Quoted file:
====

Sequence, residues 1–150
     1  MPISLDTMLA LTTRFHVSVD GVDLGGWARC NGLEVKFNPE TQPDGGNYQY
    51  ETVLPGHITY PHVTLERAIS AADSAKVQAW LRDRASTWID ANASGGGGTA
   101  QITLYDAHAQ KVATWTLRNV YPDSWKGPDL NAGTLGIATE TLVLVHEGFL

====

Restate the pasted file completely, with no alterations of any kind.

Sequence, residues 1–150
     1  MPISLDTMLA LTTRFHVSVD GVDLGGWARC NGLEVKFNPE TQPDGGNYQY
    51  ETVLPGHITY PHVTLERAIS AADSAKVQAW LRDRASTWID ANASGGGGTA
   101  QITLYDAHAQ KVATWTLRNV YPDSWKGPDL NAGTLGIATE TLVLVHEGFL